Avetik Chalabyan

The fifth installment of a multi-part series, this article was originally published in Armenian by Mediamax on June 26, 2022.

Avetik Chalabyan’s legal representatives have published the co-founder of ARAR Foundation’s article penned at the Armavir Penitentiary Institution, where he is currently being held under trumped up charges.

I have presented the existential choice facing Armenia if it wants to bid farewell to Nikolism and the national catastrophe that it has brought upon the nation. I separately addressed the three main pillars of that election: the Armenian Regathering, Modernization and Militarization and presented why they are necessary in the region’s existing geopolitical conditions. After reading these pieces, an attentive reader will naturally ask two fair questions. Are these possible given our condition? Can we take such a heavy burden on ourselves and carry it successfully?

The answer to these questions is not unequivocal. The good news is that there are examples in modern world history that can serve as a real source of inspiration for us. For example, at the time of the declaration of independence in 1947, Israel was inferior to Soviet Armenia in terms of population and economy and had about half of its territory. Seventy-five years later, Israel has increased its territory by about 50 percent, has increased its population by eight times, and its gross economic output exceeds 12 times that of Armenia. The Jews are unique; they have a strong national ideology, and we Armenians are not able to repeat their miraculous achievements. But the example of Israel is not the only one. During the same period in the Far East, beginning with the devastation of extreme poverty and catastrophic war, South Korea and Singapore also made a dramatic leap in 70 years, multiplying their populations, modernizing their economies and strongly militarizing their countries (these two countries and Israel rank in the top 10 most militarized nations in the world). The latter deserves special attention, as traditional European political and economic thought opposes militarization toward economic prosperity, and at least before the start of the war in Ukraine, they argued that states should reduce their military spending in order to direct those funds towards peaceful purposes.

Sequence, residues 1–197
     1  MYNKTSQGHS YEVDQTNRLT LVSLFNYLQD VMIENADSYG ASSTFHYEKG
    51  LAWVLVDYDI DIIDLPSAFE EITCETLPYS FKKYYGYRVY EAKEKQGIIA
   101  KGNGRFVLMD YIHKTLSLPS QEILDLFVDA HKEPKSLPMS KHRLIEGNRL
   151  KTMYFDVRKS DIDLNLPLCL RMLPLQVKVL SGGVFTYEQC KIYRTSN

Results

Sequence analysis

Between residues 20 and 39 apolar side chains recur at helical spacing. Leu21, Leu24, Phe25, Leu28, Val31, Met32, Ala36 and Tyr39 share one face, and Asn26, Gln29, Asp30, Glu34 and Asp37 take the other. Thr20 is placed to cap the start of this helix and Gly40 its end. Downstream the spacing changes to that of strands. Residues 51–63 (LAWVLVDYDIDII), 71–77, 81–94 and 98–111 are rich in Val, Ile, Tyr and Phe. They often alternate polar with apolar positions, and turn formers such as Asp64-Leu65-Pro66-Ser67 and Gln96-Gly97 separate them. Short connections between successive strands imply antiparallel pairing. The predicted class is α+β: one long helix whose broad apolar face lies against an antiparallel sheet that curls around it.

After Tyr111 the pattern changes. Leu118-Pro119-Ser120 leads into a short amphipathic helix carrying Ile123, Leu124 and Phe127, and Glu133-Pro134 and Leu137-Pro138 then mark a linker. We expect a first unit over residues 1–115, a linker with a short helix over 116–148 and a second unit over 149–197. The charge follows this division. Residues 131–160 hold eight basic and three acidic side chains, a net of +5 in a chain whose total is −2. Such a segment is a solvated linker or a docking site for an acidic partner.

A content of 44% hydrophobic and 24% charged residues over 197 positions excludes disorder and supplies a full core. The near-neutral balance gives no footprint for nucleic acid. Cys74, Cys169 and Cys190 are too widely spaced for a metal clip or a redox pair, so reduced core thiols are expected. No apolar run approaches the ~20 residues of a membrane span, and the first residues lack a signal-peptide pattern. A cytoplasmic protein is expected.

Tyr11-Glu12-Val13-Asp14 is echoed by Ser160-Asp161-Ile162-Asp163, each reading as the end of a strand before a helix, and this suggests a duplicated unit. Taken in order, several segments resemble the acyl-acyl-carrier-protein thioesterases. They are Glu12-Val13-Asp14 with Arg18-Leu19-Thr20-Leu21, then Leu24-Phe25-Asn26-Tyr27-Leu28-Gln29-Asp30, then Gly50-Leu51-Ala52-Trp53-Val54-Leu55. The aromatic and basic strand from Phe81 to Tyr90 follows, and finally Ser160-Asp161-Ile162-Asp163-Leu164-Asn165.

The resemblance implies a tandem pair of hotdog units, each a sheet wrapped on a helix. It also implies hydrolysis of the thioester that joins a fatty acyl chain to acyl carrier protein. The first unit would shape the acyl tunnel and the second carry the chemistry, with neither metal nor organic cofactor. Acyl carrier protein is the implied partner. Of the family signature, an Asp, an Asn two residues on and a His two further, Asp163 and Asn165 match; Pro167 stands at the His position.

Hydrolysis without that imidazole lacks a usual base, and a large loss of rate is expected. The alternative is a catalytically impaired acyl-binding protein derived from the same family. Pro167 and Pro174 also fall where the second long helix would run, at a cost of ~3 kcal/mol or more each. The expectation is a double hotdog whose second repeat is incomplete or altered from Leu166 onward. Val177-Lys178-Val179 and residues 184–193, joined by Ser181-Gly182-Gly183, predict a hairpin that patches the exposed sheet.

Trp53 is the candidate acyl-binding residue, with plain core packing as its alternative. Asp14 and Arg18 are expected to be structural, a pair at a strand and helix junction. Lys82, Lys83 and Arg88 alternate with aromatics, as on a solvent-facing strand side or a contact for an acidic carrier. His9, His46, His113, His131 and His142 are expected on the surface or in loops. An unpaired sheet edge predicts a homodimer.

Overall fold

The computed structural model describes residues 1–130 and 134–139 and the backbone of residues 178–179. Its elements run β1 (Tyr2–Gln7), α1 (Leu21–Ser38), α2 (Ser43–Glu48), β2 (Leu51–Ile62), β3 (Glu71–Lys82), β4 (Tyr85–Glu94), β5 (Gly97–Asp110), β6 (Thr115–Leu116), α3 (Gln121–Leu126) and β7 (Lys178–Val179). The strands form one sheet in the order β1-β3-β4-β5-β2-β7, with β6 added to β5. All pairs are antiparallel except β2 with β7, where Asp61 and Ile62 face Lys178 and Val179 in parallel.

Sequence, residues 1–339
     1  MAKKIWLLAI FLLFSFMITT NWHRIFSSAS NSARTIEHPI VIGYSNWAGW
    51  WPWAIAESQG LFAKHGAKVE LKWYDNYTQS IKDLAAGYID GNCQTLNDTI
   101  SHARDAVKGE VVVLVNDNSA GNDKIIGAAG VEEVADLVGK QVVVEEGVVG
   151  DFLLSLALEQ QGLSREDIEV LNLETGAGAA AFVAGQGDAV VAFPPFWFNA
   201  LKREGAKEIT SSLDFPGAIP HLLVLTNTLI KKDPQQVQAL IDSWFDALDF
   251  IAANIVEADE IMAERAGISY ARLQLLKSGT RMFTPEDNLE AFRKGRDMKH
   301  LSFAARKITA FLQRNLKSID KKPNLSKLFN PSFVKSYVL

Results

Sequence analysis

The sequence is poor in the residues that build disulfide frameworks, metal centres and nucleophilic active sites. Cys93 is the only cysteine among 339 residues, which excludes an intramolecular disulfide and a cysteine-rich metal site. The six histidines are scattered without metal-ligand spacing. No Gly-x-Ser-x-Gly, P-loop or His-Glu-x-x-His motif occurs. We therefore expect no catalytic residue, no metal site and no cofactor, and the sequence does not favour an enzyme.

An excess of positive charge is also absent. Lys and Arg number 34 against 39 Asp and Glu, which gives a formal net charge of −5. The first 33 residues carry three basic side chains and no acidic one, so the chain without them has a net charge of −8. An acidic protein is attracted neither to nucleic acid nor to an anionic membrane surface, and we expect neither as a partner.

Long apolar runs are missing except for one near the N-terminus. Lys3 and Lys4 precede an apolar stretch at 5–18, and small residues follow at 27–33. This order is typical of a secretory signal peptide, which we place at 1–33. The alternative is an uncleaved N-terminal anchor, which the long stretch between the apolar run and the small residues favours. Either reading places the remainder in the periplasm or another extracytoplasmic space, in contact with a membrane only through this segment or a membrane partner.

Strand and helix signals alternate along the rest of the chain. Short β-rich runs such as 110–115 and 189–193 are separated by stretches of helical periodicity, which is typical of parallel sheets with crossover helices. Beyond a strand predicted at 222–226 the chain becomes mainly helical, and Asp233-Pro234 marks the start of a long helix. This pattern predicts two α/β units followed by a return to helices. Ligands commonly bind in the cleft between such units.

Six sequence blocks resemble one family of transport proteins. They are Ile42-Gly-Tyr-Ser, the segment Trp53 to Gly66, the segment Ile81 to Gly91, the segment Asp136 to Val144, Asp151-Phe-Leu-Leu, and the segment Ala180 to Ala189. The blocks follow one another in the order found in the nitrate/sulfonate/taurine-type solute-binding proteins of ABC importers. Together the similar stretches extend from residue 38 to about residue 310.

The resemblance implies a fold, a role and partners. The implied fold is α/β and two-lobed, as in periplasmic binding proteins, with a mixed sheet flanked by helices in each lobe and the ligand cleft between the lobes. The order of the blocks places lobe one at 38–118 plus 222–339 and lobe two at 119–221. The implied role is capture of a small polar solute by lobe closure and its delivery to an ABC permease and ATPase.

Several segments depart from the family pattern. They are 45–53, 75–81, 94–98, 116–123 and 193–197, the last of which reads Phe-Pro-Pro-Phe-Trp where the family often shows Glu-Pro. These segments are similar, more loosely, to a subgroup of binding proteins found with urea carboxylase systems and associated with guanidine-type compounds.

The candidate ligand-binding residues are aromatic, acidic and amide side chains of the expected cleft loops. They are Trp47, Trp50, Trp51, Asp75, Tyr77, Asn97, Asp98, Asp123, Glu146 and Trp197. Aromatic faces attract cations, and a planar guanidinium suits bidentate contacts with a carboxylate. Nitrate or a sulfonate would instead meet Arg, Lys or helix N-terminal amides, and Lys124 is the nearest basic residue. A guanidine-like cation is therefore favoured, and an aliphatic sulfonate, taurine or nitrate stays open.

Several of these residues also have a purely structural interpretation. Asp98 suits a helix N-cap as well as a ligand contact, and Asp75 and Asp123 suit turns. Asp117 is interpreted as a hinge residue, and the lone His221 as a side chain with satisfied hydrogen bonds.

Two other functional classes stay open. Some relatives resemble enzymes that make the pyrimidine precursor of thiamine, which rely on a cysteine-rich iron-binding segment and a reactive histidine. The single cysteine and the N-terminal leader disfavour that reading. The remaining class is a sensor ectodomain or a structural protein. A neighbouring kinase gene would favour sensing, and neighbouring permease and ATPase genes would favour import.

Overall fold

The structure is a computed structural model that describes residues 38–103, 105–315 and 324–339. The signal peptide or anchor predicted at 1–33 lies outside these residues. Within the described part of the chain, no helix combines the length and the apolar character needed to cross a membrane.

In that case, what allowed these three countries (as well as Switzerland and Japan before them) to break the traditional logic and make such an impressive leap? What can we learn from their experience, and how relevant is it to us?

I once wrote an article about South Korea that analyzed the stages of its post-war development and drew parallels with today’s Armenia. I would like to mention a few factors that played a significant role there.

  • Regardless of the change of government, there was a clear national consensus on modernization, progressive economic development and integration into the world economic value chains, done so consistently and aggressively.
  • Militarization was seen as an absolute necessity to protect against the threat posed by North Korea and Communist China. At the same time, it became a key impetus for the technological development of the country.
  • The state focused its budget on education and social mobility, not on social equalization. In doing so, it created a highly competitive environment within the society and incentives to learn and work.
  • The society’s aspiration to overcome the severe psychological trauma received during the Japanese occupation also played an important role in this process.

In the same way, if we study the histories of Israel and Singapore, we will see many similar factors (although in the case of Israel the issue of the restoration of the spiritual homeland was very important). There are certain patterns that are universal in nature and have allowed these countries, in significant dissonance with conventional logic, to take a leap forward, leading them to both population growth and improvements in citizen welfare and security. 

One of the most important issues to consider is that societies living in conditions of external military danger are mobilized, and its members are ready to do much more than those in peaceful conditions: work longer hours, solve more complex problems, consume less and instead invest their resources in the development of the state. When this goes on for decades, the results can be astounding.

The average economic growth rate in the world is about four percent, and in the last 50 years it has led to an eight-fold growth in the world’s gross economic output.

However, the countries that managed to ensure seven-percent growth instead of the average annual growth of four percent, have already grown 32 times in the same period. That is, they are four times ahead of the world average. Consider Singapore, where the per capita GDP is now 10 times higher than the world average and more than twice as high as the US average.